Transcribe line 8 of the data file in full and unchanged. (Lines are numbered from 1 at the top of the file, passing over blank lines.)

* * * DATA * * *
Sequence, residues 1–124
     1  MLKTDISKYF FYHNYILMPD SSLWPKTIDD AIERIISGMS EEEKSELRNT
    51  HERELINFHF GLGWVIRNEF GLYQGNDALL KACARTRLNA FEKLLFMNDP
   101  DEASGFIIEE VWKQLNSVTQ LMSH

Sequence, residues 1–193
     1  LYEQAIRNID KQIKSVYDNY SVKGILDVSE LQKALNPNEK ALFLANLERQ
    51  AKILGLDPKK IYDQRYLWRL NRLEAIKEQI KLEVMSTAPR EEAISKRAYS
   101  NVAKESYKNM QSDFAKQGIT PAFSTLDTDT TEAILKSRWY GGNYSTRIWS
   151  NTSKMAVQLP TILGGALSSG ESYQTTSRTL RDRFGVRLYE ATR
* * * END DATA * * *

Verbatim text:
   101  NVAKESYKNM QSDFAKQGIT PAFSTLDTDT TEAILKSRWY GGNYSTRIWS